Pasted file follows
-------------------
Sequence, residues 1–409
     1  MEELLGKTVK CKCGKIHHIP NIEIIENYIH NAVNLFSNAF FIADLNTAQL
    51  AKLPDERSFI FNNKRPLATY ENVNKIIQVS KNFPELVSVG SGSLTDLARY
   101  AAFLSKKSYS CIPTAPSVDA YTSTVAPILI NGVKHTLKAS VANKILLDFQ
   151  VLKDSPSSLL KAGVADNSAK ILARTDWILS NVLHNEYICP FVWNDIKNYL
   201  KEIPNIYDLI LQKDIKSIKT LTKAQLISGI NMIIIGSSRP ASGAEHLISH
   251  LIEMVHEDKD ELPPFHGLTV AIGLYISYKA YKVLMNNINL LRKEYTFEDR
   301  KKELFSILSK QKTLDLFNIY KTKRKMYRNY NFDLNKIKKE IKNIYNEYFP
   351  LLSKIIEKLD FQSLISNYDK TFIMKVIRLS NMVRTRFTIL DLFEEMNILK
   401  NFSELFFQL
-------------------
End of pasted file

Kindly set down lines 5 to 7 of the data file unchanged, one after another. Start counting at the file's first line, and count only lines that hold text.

   151  VLKDSPSSLL KAGVADNSAK ILARTDWILS NVLHNEYICP FVWNDIKNYL
   201  KEIPNIYDLI LQKDIKSIKT LTKAQLISGI NMIIIGSSRP ASGAEHLISH
   251  LIEMVHEDKD ELPPFHGLTV AIGLYISYKA YKVLMNNINL LRKEYTFEDR